We found the GUI of TamoGraph Site Survey to be attractive and user-friendly. You'll find one floor map display area where you can see real survey results and also perform simulation. On the left of the map window is a pane with the SSID list, showing real SSIDs from surveys and any SSIDs of virtual access points you place on the map.

On the right of the map window is a pane that has three tabs for accessing various settings. The Plans and Surveys tab is where you add floor plan images or street maps and manage survey data files. The Properties tab allows you to set environment settings, client capabilities, requirements, and scanning settings. The Options tab is where you can customize the visualization coloring, result ranges, and other miscellaneous settings.

When surveying you can do passive surveying and/or active surveying using pings or their throughput test utility (similar to AirMagnet). Surveying for us went smoothly. The only improvement we see that could be made here is the ability to simulate different clients other than the actual client used for the survey, like supported in the other tools.

Though we didn't get to try out the photo and voice command features released in its latest update, both seem useful. The photo feature allows you to take snapshots from the laptop webcam or tablet camera and place it on the floor plan map, for instance to photograph access point or cabling locations. The voice command feature allows you to control basic functions via voice recognition, such as starting/stopping the survey and zooming in and out.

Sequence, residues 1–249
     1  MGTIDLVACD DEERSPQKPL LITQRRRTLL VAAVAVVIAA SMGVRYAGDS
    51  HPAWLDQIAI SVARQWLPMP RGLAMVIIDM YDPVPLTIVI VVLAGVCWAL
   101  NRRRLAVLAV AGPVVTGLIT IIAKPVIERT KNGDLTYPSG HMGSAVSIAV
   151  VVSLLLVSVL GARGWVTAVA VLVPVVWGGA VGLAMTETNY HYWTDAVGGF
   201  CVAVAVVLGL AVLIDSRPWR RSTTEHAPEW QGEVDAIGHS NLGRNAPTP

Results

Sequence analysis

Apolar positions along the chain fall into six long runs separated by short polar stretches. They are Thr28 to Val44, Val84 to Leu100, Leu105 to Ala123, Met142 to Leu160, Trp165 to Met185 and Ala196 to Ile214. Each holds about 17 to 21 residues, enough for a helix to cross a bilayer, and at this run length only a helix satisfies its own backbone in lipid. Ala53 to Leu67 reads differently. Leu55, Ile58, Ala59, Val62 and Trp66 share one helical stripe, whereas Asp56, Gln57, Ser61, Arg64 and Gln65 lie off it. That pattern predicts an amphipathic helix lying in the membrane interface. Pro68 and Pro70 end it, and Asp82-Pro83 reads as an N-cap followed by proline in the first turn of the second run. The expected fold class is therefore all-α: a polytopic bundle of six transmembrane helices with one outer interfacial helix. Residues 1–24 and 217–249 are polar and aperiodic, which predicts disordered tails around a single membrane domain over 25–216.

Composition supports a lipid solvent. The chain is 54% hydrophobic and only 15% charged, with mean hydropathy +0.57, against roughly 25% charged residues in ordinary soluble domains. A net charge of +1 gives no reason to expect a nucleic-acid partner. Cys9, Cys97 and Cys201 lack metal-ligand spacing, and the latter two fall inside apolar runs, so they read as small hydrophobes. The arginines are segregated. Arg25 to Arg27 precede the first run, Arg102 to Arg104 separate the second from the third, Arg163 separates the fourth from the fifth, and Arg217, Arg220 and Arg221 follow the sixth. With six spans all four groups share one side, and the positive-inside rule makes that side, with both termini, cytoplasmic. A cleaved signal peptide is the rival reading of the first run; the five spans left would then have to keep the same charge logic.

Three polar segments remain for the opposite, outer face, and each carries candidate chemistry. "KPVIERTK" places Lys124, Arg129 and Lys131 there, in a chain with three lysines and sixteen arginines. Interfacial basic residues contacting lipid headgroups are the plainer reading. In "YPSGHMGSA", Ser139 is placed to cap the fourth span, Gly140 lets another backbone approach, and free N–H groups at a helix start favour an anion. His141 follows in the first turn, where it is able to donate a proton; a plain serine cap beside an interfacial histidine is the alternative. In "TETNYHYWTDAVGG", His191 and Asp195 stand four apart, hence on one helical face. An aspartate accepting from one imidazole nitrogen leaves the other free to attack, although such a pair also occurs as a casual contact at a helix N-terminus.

tamograph main

SNR visualization of 2.4GHz for the previous APs in main test building.

The following visualizations are shown for passive and simulated surveys:

  • AP Coverage Areas
  • Channel Bandwidth
  • Expected PHY Rate
  • Frame Format
  • Number of APs
  • Requirements
  • Signal Level
  • Signal-to-Interference Ratio
  • Signal-to-Noise Ratio

The following visualizations are shown for active surveys:

  • Actual PHY Rate
  • Associated AP
  • Requirements
  • Round-trip Time

When using their throughput test utility for active surveys you'll also see the following:

  • TCP Downstream Rate
  • TCP Upstream Rate
  • UDP Downstream Loss
  • UDP Downstream Rate
  • UDP Upstream Loss
  • UDP Upstream Rate

Like the other tools, TamoGraph Site Survey allows you to create fully simulated Wi-Fi environments from scratch. Although it didn’t have one of our required wall types (cinder block) for our test building pre-configured, it was very easy to add. But the simulation tool lacks automatic access point location and/or channel assignment functionality like the other tools provide.

Overall I was impressed with TamoGraph Site Survey, especially since it's priced 65% to 80% less than the two other tools. Though it lacks specific functionality for VoWLAN and RTLS surveying, I’d recommend it for general surveying. It was great to see it supported thorough active surveying, spectrum analyzer integration, and photo saving.

Eric Geier is a freelance tech writer. Through On Spot Techs he provides Wi-Fi design and site surveying services. He’s also the founder of NoWiresSecurity, a cloud-based Wi-Fi security service.


Copyright © 2014 IDG Communications, Inc.